I was also struck by the symbiotic relationship between journalists and rioters. I was reminded of the famous CNN video tape of Nigeria’s Niger Delta rebels repeatedly aired on February 7, 2007. Wielding guns, the rebels in black outfits and black ski masks put up a war dance for the benefit of Jeff Koinange and his TV crew.
BY COVERING A CONFLICT, JOURNALISTS play out the conflict. They frame, and sometimes inflame, the conflict. They create the reality on which we base our understanding of the conflict.
In some situations, the media even help to escalate and ripen the conflict, even to create new conflicts and flashpoints. There are many instances of this. Perhaps the most illustrative is Charles Taylor’s rebellion in Liberia.
Mr Taylor started his rebellion in the 1990s reportedly with $300, some 20 hired thugs and a satellite phone, which he used to call BBC for interviews. After a series of dramatic interviews with BBC’s Focus on Africa, his rebellion came to fruition.
The media also contributed to the escalation and ripening of conflicts in countries such as Czechoslovakia (now the Czech Republic) in the early 1990s, the Soviet Union during its break-up in 1991, Palestine, Israel and South Africa during the apartheid era.
In those conflicts, when a TV crew appeared a riot occurred because rioters were acting out for the cameras. In some of those conflict situations, if there had not been cameras there probably would not have been riots.
The dynamics of a conflict tend to sweep everything into its net. Journalists are sucked in and become players in the conflict.
During the recent riots in France, where demonstrators went on nightly car burning sprees, journalists were caught in the conflict dynamics. Editors were faced with the dilemma of whether to cover, or cover up, the riots.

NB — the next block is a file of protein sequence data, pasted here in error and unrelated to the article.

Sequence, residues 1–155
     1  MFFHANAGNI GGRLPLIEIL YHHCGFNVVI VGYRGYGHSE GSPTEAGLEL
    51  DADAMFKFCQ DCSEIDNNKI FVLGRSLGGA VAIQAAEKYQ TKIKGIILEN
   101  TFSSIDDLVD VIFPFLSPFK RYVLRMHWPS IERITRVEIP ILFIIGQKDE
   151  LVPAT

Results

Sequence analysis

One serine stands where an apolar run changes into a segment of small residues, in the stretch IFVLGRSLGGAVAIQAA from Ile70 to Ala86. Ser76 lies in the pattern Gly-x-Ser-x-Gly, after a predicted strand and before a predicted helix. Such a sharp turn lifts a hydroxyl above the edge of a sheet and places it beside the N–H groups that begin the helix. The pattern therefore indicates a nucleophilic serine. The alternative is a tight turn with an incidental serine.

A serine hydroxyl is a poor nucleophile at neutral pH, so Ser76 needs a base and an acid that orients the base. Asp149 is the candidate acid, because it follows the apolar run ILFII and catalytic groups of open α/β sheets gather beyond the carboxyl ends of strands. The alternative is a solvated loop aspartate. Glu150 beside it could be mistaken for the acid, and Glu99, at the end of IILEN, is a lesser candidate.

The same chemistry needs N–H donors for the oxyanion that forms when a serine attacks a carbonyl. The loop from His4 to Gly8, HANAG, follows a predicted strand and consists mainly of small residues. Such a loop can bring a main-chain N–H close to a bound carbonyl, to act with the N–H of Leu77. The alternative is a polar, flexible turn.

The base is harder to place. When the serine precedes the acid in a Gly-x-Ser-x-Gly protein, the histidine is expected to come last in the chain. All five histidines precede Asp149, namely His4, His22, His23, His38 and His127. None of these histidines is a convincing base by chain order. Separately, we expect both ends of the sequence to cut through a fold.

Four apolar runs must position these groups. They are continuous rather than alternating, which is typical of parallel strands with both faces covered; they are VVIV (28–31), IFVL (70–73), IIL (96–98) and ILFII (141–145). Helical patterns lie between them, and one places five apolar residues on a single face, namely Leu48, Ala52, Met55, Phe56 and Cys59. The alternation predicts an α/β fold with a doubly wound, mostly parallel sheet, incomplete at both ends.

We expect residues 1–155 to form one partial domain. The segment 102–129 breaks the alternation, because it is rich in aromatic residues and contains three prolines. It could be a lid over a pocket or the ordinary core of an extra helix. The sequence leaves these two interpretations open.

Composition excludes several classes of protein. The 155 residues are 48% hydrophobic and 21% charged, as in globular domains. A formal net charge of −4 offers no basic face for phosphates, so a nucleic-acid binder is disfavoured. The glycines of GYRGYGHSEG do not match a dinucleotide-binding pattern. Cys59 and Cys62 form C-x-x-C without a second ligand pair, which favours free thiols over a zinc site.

As one French editor aptly put it: “Do we send journalists because cars are burning, or are cars burning because we send journalists?”
The French public television station “France 3” stopped broadcasting the numbers of torched cars. Other TV stations followed suit.
One of France’s leading TV news executives, who censored his broadcasts, said he did not want to encourage extremism.
Jean-Claude Dassier, the director general of the news service, LCI, said the prominence given to the rioters on international news networks had been “excessive” and could be fanning the flames of the violence.
He said his channel had decided not to show footage of burning cars.
“Journalism is not simply a matter of switching on the cameras and letting them roll. You have to think about what you’re broadcasting,” he said.
Most journalists, especially those trained in the Western tradition, however, think conflict is news and news is conflict. They also treat news as a commodity and compete over it.
They say they are gatherers of facts and their role is to provide information, not to create peace. However, in Africa, in such emerging democracies like Kenya, journalism cannot consist of merely reporting facts, especially in inflammable situations. There is an arguable case for peace journalism.